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Hospital’s spiraling sculpture to uplift and connect

A growing number of magnificent composite sculptures are transforming the Perth, Western Australia, landscape as artists discover the exciting potential offered by the material and new design technology.

 

Artist John Tarry’s sleek spiraling form aims to uplift the spirits of those entering and leaving the St John of God Murdoch Hospital, in Perth

Artist John Tarry’s sleek spiraling form aims to uplift the spirits of those entering and leaving the St John of God Murdoch Hospital, in Perth. Image: Jon Tarry

The Composites Constructions team

The Composites Constructions team behind the build: (l-r) Mark Copper , Joseph Wonneberger, Leigh Agius, Craig Ginnivan, Stephen Campbell.

 

On the road from Melbourne to Perth. Image source: The West Australian

On the road from Melbourne to Perth. Image source: The West Australian

The latest addition is an eight-metre high sculpture by artist Jon Tarry unveiled by St John of God Murdoch Hospital this month. Entitled Elevación, the sculpture stands at the hospital entrance, part of a multi-million dollar redevelopment project.

Mr Tarry won the commission in a competitive process with his depiction in bronze of St John of God carrying a person watched over by an angel, the spiralling white abstract form created in FRP by Melbourne based Composites Constructions.

Mr Tarry blended these modern and traditional aesthetics and materials to create an artwork with an uplifting, nurturing theme to tie in with the hospital’s vision of providing the community with holistic health care, said Chief Executive Officer John Fogarty.

“I wanted to create an artwork for everyone; one that could be open to interpretation so everyone would be able to form a connection with it,” Mr Tarry said.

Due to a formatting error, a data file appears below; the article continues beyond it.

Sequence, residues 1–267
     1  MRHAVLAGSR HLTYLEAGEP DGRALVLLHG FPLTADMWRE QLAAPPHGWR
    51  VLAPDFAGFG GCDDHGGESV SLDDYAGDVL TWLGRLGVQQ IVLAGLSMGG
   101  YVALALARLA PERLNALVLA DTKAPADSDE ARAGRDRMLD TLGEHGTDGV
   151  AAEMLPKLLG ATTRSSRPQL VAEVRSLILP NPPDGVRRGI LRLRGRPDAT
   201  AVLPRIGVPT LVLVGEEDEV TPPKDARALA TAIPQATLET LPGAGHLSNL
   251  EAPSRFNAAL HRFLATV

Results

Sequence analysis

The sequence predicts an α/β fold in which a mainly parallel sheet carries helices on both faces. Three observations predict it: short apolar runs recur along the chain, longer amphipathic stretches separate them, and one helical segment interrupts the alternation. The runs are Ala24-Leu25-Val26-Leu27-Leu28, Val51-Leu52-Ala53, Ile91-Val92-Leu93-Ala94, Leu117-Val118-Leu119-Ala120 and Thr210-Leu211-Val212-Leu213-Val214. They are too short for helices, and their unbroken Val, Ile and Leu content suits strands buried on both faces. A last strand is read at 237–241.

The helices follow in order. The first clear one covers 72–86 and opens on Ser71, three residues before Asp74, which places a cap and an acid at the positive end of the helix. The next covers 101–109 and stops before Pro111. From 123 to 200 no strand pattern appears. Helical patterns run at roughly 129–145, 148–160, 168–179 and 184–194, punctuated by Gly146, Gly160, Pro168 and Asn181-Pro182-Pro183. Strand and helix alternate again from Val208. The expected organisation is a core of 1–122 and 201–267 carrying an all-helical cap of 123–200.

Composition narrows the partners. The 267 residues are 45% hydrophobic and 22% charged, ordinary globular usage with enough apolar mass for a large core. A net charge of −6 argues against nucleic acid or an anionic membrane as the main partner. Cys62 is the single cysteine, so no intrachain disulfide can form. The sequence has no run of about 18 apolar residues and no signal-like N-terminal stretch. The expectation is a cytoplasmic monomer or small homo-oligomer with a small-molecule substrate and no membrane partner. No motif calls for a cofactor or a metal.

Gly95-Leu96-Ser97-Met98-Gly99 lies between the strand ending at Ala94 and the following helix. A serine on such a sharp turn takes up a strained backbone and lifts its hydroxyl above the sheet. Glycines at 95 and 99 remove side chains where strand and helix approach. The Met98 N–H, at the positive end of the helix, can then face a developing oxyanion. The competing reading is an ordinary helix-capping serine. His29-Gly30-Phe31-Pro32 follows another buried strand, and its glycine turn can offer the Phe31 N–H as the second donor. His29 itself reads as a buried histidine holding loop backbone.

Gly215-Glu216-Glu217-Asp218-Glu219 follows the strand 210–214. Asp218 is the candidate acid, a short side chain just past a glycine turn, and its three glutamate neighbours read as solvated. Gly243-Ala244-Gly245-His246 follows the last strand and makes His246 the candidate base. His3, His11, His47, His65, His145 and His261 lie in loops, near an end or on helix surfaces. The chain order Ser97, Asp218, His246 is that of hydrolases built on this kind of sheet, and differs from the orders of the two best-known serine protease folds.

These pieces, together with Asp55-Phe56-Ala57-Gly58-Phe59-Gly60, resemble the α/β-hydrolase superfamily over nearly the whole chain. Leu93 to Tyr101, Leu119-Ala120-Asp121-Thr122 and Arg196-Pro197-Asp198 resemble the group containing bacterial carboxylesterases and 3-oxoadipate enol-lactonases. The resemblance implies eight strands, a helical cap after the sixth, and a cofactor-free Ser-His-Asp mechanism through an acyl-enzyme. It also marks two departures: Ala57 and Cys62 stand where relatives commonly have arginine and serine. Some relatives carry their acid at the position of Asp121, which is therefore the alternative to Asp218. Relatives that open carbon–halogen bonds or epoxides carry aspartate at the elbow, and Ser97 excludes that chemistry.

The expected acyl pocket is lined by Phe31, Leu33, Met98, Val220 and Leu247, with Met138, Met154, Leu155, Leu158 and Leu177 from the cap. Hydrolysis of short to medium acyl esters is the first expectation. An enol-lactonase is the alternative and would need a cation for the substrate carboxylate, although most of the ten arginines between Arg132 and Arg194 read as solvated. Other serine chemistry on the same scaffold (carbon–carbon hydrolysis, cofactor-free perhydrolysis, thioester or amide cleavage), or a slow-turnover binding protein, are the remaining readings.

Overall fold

“I combined the two ways of working – traditional modelling in bronze of the two people and contemporary materials in abstract form for the angel, connecting the ground and sky to be aspirational. The two forms together are breathtaking.”

Choosing composites for the abstract form, for their strength, light-weight and clean lines, Mr Tarry drew on the latest design and 3D modelling technology which translated directly into production at Stephen Campbell’s Composites Constructions facility in Melbourne.

“I know and understand mould making and sculptural form so to be able to do that on a large scale and with organic forms is incredibly exciting. Composites have won me,” says the Perth-based artist who has completed more than 42 public and numerous private art commissions in Australia, the USA, Middle East and Europe.

Mr Campbell is equally as excited with the finished sculpture and being part of Mr Tarry’s creative process. He kept Mr Tarry informed of progress with regular photos.

“Boat building involves large complex structures so this project was not a challenge for us but it did involve a lot of handwork, craftsmanship, at every stage,” says Mr Campbell.

Using the artist’s 3D CAD files and engineering drawings from Perth-based Capital House, moulds and the sandwich foam core were CNC machined, carbon fibre reinforcement added and then FRP hard-coated and finished with a highly durable marine-class paint.

“There were countless hours of hand lay-up and sanding to get the quality and finish we wanted. In all it was three months from getting the artist’s drawings to putting the finished sculpture on the truck for the three and a half thousand kilometre trip to Perth. But seeing the result, it is just an amazing sculpture and we are proud to have been part of it.”

Mr Tarry said: “When people arrive at the hospital, before their surgery or procedure, before visiting a loved one or before coming to work, I want them to see the beauty in Elevación and fill up with the spirit of life.”

More information

The artist: Jon Tarry

The manufacturer: Composite Constructions

The engineers: Capital House